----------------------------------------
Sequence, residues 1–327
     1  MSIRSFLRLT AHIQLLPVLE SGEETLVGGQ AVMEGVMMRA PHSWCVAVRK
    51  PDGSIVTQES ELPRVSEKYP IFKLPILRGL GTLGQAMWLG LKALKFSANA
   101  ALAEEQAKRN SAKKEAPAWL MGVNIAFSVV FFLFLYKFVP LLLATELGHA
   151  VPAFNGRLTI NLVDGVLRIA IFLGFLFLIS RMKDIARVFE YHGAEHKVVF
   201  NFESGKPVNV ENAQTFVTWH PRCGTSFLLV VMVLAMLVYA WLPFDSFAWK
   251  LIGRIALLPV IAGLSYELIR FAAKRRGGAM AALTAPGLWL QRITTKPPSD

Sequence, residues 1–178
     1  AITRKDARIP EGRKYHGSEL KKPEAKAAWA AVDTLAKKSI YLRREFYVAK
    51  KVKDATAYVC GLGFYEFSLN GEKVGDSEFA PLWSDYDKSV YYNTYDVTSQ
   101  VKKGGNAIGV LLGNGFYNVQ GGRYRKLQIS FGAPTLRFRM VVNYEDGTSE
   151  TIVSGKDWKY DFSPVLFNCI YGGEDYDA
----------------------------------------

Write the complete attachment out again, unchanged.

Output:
Sequence, residues 1–327
     1  MSIRSFLRLT AHIQLLPVLE SGEETLVGGQ AVMEGVMMRA PHSWCVAVRK
    51  PDGSIVTQES ELPRVSEKYP IFKLPILRGL GTLGQAMWLG LKALKFSANA
   101  ALAEEQAKRN SAKKEAPAWL MGVNIAFSVV FFLFLYKFVP LLLATELGHA
   151  VPAFNGRLTI NLVDGVLRIA IFLGFLFLIS RMKDIARVFE YHGAEHKVVF
   201  NFESGKPVNV ENAQTFVTWH PRCGTSFLLV VMVLAMLVYA WLPFDSFAWK
   251  LIGRIALLPV IAGLSYELIR FAAKRRGGAM AALTAPGLWL QRITTKPPSD

Sequence, residues 1–178
     1  AITRKDARIP EGRKYHGSEL KKPEAKAAWA AVDTLAKKSI YLRREFYVAK
    51  KVKDATAYVC GLGFYEFSLN GEKVGDSEFA PLWSDYDKSV YYNTYDVTSQ
   101  VKKGGNAIGV LLGNGFYNVQ GGRYRKLQIS FGAPTLRFRM VVNYEDGTSE
   151  TIVSGKDWKY DFSPVLFNCI YGGEDYDA